Culinary treasures

Hidden restaurant DUGNAD pops up in Santiago, Chile

Following success in New York, Sydney, Bergen, Paris, Caracas, Perú, Ecuador, México, pop up restaurant DUGNAD come to Santiago.

Wednesday, July 31, 2013  
Photo via DUGNAD / Facebook. Photo via DUGNAD / Facebook.

 

Originally open just on Sundays for lunch and dinner, the highly original restaurant DUGNAD, run by a group of artists, has now transformed its concept to become a “puerta cerrada” or hidden restaurant. Now open three times a week, the idea is a private dinner for up to twelve people, spanning at least eight courses.

“Dugnad” is a Norwegian word meaning “voluntary work done together with other people.” It is, in fact, somewhat similar to the concept of a “minga” in Chile’s Chiloé Archipelago, where local communities work together to help each other out.

Founded by Nicolas Lopez and Olivia Dannemann, the idea behind DUGNAD was to develop an eatery run by people who have the time and space to explore and create dishes with passion. Breaking free from the restrictions of bosses and formal restaurant structures, the DUGNAD team place a huge emphasis on having the freedom to express themselves however they please.

“We have a different menu each Sunday,” one of the chefs, Maria Pia Uriarte from Lima, Peru, told This is Chile. “Dinner is six courses and we are enjoying being in Chile because there are very good products here — from herbs to vegetables and seafood.”

There’s no need to worry about gorging yourself on too much food (as sometimes happens with tasting menus), each dish is minimalist and beautifully presented. But don’t think the slick presentation is a matter of luck — DUGNAD employs a food sculptor.

“We have a sculptor who makes the dishes,” publicist Olivia Dannemann tells This is Chile as if it’s something completely normal. “Each plate is individually designed.”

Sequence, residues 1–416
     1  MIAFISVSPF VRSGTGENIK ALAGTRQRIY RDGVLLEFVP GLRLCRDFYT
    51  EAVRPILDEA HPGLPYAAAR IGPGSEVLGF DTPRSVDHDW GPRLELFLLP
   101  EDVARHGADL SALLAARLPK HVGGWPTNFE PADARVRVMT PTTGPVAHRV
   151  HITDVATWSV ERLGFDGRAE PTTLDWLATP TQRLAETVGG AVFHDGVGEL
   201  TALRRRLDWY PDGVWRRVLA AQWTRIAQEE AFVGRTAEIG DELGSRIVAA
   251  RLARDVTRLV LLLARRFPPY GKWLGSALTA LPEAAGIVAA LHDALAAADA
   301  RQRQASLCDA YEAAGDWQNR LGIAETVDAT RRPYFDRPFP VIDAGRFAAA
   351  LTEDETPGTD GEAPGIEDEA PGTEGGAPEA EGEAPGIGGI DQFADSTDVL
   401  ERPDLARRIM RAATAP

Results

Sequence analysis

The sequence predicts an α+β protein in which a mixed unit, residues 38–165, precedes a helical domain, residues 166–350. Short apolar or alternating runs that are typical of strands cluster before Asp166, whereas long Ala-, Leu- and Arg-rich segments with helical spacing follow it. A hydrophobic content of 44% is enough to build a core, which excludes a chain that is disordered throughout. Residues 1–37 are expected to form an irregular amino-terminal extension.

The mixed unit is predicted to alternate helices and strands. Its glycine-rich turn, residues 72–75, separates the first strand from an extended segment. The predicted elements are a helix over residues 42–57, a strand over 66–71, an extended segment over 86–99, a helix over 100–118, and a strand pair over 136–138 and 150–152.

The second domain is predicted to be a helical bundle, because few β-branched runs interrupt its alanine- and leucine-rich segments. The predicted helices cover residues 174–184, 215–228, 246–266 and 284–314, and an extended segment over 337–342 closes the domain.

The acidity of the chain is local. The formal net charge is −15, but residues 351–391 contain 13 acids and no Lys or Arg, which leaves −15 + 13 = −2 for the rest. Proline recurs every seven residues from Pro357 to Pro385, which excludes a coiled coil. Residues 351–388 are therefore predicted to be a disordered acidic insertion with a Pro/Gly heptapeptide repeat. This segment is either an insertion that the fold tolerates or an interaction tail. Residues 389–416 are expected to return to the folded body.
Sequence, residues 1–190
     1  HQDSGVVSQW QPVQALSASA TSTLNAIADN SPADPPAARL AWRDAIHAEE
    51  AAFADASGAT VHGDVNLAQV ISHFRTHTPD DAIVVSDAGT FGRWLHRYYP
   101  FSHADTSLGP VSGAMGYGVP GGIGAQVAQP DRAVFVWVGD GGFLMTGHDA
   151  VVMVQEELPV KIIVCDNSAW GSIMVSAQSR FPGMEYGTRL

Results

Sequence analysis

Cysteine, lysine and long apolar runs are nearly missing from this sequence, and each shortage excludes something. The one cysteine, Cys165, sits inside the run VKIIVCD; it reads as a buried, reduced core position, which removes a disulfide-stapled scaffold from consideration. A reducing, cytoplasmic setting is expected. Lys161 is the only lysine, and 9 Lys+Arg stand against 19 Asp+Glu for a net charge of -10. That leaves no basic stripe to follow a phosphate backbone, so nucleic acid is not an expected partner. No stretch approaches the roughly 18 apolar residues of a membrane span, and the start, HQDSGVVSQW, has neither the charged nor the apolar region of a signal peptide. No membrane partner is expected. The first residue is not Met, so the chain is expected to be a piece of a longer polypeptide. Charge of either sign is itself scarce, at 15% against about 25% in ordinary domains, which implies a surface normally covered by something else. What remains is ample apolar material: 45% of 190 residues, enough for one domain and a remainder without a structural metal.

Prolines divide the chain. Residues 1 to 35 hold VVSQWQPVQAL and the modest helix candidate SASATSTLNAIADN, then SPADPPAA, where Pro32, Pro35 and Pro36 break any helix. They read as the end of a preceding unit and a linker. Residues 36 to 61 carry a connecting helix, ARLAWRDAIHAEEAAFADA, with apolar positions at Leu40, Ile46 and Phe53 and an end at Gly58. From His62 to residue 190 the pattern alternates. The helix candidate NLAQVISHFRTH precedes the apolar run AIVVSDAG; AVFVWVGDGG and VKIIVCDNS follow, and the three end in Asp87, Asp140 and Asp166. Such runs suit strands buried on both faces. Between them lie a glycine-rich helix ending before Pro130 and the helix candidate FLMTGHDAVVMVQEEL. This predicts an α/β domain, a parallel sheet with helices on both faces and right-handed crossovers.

Sure enough each course is as noteworthy for its artistic presentation, as it is for its delicate flavors and unusual ingredients. Served in natural colored clay dishes, an example of the evening dinner menu is as follows: toasted flour, smoked egg yoke and artichoke to start, before moving on to Rey fish with mushrooms. The latter is a fillet of fish with the skin still on, accompanied by a tempura fish skeleton for decoration.

Next come onions in yogurt, followed by a small mug of chicken broth and a diminutive piece of pork served on a plate dotted with squid ink.

The last course takes the form of a duo of desserts: citrus and gin crushed ice as a palate cleanser, followed by an interpretation of creme brulee and meringue. Another dessert that has created quite a buzz is DUGNAD’s chocolate with bacon.

One thing that sets the food at DUGNAD apart is its simplicity.

“The chefs like to study just one product in depth, for example making a plate out of onions. Only onions,” says Dannemann.

And, of course, when in Chile the food is served along with delicious Chilean wine.

DUGNAD also offers “Domingos de Abuela” which are Sunday lunches with comfort food just like your grandmother makes it. The fun quirk here is that if you bring your grandmother along she will eat for free. And, if you like the food so much you can reserve the team to cook for you at home or cater for a group of friends or party.

The DUGNAD tasting menu costs CLP $19,000 and start at 9pm. For reservations contact: contacto.dugnad@gmail.com

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